Comparing day-users and overnight visitors attitudes concerning Leave No Trace

Brendan Derrick Taff, Peter B. Newman, Wade Vagias, Ben Lawhon

Research output: Contribution to journalArticlepeer-review


Leave No Trace is the most prominent educational message used to influence behaviors of protected-areas visitors with the end-goal of sustaining or improving resource conditions. The vast majority of previous research regarding Leave No Trace has focused on backcountry-overnight visitors. However, by sheer numbers alone, day-users are by far the largest user group of protected areas and research regarding this user-group is insufficient. The purpose of this study was to compare day-users’ perceptions (perceived knowledge, awareness and support, and attitudes) of Leave No Trace with those of overnight users. Results indicate that day-users’ and overnight users’ perceptions of Leave No Trace are largely congruent, and suggest that similar messaging approaches may be employed in day-use and backcountry areas in the future.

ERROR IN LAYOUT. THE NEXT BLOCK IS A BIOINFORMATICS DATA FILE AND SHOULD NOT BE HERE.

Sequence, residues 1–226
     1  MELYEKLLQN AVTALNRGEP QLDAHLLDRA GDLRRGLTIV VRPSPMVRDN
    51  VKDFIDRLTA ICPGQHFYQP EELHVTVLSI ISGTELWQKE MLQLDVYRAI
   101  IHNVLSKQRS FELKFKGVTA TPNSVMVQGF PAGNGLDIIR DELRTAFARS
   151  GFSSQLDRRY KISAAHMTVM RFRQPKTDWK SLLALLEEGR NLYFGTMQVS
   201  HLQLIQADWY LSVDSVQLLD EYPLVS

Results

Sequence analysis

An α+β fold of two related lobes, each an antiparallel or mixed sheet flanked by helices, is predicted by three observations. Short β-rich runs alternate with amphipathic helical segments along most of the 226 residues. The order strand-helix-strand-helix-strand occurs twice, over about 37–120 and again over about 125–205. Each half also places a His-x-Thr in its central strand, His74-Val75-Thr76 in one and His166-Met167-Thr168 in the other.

Original languageEnglish (US)
Pages (from-to)133-146
JournalJournal of Outdoor recreation, Education, and Leadership
Issue number2
StatePublished - 2014


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